Despite all of the negative commentary in recent months about the Republican Party’s future prospects, Republicans still have reason to be optimistic. While Republican National Committee Chairman Reince Priebus may be correct in stating that, “Young voters are increasingly rolling their eyes at what the Party represents” and that many minorities “think that Republicans do not like them or want them in the country,” the party has a solid base with the fastest-growing group of voters in the country: the elderly.
Census Bureau statistics indicate that the U.S. population will expand to about 328 million people by 2016—an increase of 12 million people since the 2012 elections. About 500,000 of those new U.S. residents will be under the age of 18 and too young to vote. Another 5.5 million will be in the voting-age population under age 65. But the number of Americans over age 65 will grow by more than 6 million during that four-year period—more than half of the total growth in the voting-age population during that period.
That could be huge for Republicans. Exit polls from last November indicate that seniors voted for Republican presidential candidate and former Massachusetts Gov. Mitt Romney by a margin of 56 percent to 44 percent, giving him a 2-million-vote advantage among seniors nationwide. In certain swing states such as Florida, North Carolina, and Virginia, exit polls indicate that Gov. Romney’s percentage among seniors was even larger.
With 6 million more Americans in this age group, Republicans can win the presidency in 2016 even if they lose the votes of younger Americans by several percentage points. But to do that, they have to hold their base among older voters.
Whether or not Republicans are well prepared to protect this senior base, however, is a difficult question to answer, since there seems to be a remarkable disconnect between GOP policies and seniors’ proclivity toward GOP candidates. Specifically, there seems to be little concern among senior voters that the central plank of the Republican policy agenda—that the federal budget should be balanced entirely through spending cuts and without additional revenue—has any serious negative implications for them.
While there are certainly seniors whose income and tax status make this policy advantageous, the following analysis indicates that such seniors make up only a tiny fraction of the 56 percent of seniors who supported Gov. Romney at the polls. So what is the explanation? Are seniors so worried about the deficit that they are willing to give up a significant portion of the federal support on which they now depend? Has the euphemism “entitlement reform” succeeded in disguising the steps that would be necessary to significantly move the government toward fiscal balance without raising taxes—steps that would necessarily mean big cuts in Medicare, Medicaid, and Social Security? Do seniors recognize the implications of the “no new revenue” and “entitlement reform” agenda but do not believe it is anything more than political rhetoric?
If seniors believe the rapid growth of federal spending can be stopped without deep cuts to the current levels of federal retirement benefits, they are mistaken. We face three choices:
1. A significant reduction in retirement benefits
2. A significant increase in taxes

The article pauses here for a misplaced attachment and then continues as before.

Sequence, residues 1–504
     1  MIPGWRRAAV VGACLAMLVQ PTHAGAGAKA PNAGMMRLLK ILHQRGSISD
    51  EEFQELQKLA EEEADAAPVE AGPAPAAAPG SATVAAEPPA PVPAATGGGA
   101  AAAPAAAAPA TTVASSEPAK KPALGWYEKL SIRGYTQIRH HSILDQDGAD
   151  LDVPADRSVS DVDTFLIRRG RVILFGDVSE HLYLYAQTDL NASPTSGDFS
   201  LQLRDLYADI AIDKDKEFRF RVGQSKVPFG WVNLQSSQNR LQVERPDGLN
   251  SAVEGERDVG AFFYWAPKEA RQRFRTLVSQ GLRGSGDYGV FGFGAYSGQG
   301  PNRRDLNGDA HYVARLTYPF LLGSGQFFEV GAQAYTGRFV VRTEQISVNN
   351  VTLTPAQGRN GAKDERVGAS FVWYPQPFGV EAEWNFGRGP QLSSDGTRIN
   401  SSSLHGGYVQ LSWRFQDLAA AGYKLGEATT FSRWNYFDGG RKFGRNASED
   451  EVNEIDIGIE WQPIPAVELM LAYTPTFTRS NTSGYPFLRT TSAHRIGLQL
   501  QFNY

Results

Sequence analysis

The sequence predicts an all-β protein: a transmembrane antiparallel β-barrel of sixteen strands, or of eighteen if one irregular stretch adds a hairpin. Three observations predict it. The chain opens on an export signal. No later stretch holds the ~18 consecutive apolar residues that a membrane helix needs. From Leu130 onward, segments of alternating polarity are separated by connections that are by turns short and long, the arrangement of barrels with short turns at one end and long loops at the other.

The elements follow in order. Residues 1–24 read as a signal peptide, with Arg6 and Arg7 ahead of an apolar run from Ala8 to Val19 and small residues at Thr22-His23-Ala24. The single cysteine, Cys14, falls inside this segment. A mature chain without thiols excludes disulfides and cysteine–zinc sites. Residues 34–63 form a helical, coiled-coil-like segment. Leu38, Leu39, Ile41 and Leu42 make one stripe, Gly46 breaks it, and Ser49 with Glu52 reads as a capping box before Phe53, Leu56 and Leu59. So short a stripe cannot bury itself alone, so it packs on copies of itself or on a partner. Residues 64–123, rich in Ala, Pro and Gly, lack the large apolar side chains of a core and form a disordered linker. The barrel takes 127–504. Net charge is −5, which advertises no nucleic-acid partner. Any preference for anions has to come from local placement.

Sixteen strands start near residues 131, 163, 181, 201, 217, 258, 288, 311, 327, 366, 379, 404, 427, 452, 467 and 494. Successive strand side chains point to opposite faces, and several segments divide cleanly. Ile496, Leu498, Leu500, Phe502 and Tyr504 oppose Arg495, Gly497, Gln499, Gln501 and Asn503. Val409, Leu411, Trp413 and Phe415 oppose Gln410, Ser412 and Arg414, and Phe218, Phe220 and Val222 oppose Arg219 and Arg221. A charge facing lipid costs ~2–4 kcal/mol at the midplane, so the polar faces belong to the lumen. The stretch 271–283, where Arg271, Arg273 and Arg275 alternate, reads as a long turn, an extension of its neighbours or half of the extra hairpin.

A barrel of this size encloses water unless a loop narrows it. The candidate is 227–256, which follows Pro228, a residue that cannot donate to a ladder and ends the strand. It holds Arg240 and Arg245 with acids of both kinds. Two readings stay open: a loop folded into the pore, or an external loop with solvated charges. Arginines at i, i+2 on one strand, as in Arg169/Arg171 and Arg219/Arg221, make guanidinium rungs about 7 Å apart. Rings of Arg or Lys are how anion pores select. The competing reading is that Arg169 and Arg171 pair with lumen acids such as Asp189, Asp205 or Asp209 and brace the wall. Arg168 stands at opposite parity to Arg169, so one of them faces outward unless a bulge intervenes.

3. A dramatic increase in federal indebtedness
Much has been written in recent years about the fiscal difficulties facing the federal government. Unlike most discussions of public policy, however, the discussion of the budget has not been oversimplified. In fact, the discussion has made the government’s fiscal problems appear far more complex than they really are.
While the choices we face may be quite difficult, the problem forcing those choices is really quite simple: The federal government has made a commitment to providing retirees in this country with a specific level of support once they reach retirement age, but the cost of providing that support is beyond the revenues presently available to pay such costs. And what’s more, those costs will escalate rapidly over the next two decades.
Cutting retirement benefits by the levels necessary to stabilize and shrink the public debt seems particularly painful. Although fewer elderly Americans are poor than are members of any other age group, a very large portion of the elderly live above the poverty level based solely on the benefits they receive from the federal government.
The alternative to such cuts would be either a dramatic increase in federal deficits or increasing the percentage of U.S. gross domestic product, or GDP, that the federal government collects in revenue by several percentage points above the 19 percent figure currently forecast by the Congressional Budget Office, or CBO, for collections under current tax laws during the later years in this decade.
While conservatives have argued that taxation at that level could dramatically slow economic growth, there is little or no evidence to support that thesis. Tax data collected by the Organization for Economic Co-operation and Development, or OECD, indicate that countries with much higher taxes than the United States have generally experienced economic performance on par with the United States. And even if the United States were to increase revenues to keep up with the growth in retirement spending during the period in which the Baby Boom generation will strain federal budget resources, the United States would continue to be one of the lesser-taxed nations in the developed world.
Scott Lilly is a Senior Fellow at the Center for American Progress.